Attorney advising probation companyPublished 11:21am Friday, September 7, 2012
By CHRISTINE BOATWRIGHT / Staff Writerexamine
BIRMINGHAM – In response to allegations against the Harpersville Municipal Court, Judicial Correction Services held a press conference to announce the private probation company has hired a former Alabama Supreme Court justice as a legal adviser.
JCS is under contract with the Harpersville Municipal Court to supply probation services to the town.
Shelby County Circuit Judge Hub Harrington wrote a court order July 11 stating the Harpersville Municipal Court, along with JCS, was “routinely” denying citizens’ unalienable rights. Harrington listed 12 “egregious abuses” committed by both the court and JCS.
During the press conference held at Vulcan Park in Birmingham, JCS’ Chief Executive Officer Robert McMichael said there has been “misleading and inaccurate information” regarding JCS’ involvement with the abuses listed by Harrington.
“If actual facts were examined, we would be exonerated,” McMichael said.
McMichael said JCS hired Judge Bernard Harwood, a former associate justice of the Alabama Supreme Court, to give his “candid opinion” concerning JCS’ practices.
To look into the matter, Harwood asked for “unfettered access to all documents and records” of JCS, according to McMichael.
“Judge Harwood said he would let the chips fall where they may,” McMichael said.
Harwood said JCS contacted him about six weeks ago to do the critical analysis.
“I had no knowledge of JCS and had no relationship with them in the past,” Harwood said. “They knew they’d get my honest, impartial opinion.”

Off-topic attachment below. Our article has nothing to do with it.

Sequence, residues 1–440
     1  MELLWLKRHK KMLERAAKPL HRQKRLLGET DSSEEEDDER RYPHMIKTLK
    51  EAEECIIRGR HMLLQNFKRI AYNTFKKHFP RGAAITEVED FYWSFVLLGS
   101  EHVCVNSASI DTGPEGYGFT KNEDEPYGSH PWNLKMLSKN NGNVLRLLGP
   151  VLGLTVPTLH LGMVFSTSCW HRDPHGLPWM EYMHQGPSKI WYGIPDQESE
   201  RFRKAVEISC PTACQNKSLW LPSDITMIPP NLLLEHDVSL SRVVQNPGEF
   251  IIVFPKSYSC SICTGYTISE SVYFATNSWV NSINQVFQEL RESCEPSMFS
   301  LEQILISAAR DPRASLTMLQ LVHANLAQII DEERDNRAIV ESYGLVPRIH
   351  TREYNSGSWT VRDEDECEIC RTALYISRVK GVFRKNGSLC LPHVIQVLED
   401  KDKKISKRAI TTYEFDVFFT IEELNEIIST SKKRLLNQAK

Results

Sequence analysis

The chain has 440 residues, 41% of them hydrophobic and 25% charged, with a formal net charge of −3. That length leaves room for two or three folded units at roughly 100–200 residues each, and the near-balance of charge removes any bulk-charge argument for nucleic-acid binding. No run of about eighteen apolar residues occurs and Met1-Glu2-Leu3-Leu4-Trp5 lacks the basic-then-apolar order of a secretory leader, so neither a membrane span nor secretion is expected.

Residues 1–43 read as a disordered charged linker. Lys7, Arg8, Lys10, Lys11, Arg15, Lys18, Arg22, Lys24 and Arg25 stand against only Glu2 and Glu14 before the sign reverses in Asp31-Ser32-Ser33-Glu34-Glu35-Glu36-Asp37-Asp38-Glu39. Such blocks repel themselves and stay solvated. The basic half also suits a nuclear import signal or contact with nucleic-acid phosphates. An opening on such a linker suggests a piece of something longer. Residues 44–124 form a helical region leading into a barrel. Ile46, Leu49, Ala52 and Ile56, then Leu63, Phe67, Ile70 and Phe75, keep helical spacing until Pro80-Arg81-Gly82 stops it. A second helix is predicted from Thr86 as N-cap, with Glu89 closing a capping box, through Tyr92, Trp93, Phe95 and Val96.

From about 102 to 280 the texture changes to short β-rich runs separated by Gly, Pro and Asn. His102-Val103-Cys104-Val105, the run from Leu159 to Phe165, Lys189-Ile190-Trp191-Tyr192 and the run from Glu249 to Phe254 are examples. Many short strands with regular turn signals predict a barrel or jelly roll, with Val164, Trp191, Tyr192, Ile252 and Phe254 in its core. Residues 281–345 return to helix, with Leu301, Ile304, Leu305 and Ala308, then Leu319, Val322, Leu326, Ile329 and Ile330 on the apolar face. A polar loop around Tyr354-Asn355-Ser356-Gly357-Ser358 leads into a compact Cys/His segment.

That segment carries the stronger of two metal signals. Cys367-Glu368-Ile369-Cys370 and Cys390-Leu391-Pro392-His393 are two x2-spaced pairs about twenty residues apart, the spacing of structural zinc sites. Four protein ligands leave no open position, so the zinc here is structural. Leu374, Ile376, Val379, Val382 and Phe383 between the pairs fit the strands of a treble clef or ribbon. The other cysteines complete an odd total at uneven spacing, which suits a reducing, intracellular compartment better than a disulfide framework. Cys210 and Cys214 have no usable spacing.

Harwood said he reviewed Harrington’s order, but would not “question or contradict” the order. He said he wanted to see how the order related to JCS.
Harwood also reviewed the depositions of Harpersville Municipal Judge Larry Ward, Court Clerk Penny Hall and JCS executive Kevin Egan, as well as the four plaintiffs in the lawsuit against the municipal court.
Harwood addressed one of the abuses listed by Harrington’s order. The order states that defendants were placed on “extended” probation for many years beyond the two-year maximum.
“Once a defendant is incarcerated, JCS is out of the picture,” Harwood said. “The court decides if a defendant should be placed on work release. JCS has no control over the situation.”
Harwood said “JCS did not have legal liability or responsibility” for the 12 abuses listed in the report. Because his assignment revolved around JCS’ role, Harwood said he would “not cast blame on the municipal court of Harpersville.”
When asked about Harrington’s use of the phrase “debtor’s prison” in his report, Harwood said he would stay away from a “characterization of the Harpersville Municipal Court.”
“My main focus was to ask what was JCS’ duty and responsibility in this particular item of criticism,” Harwood said of the grievances Harrington listed against JCS.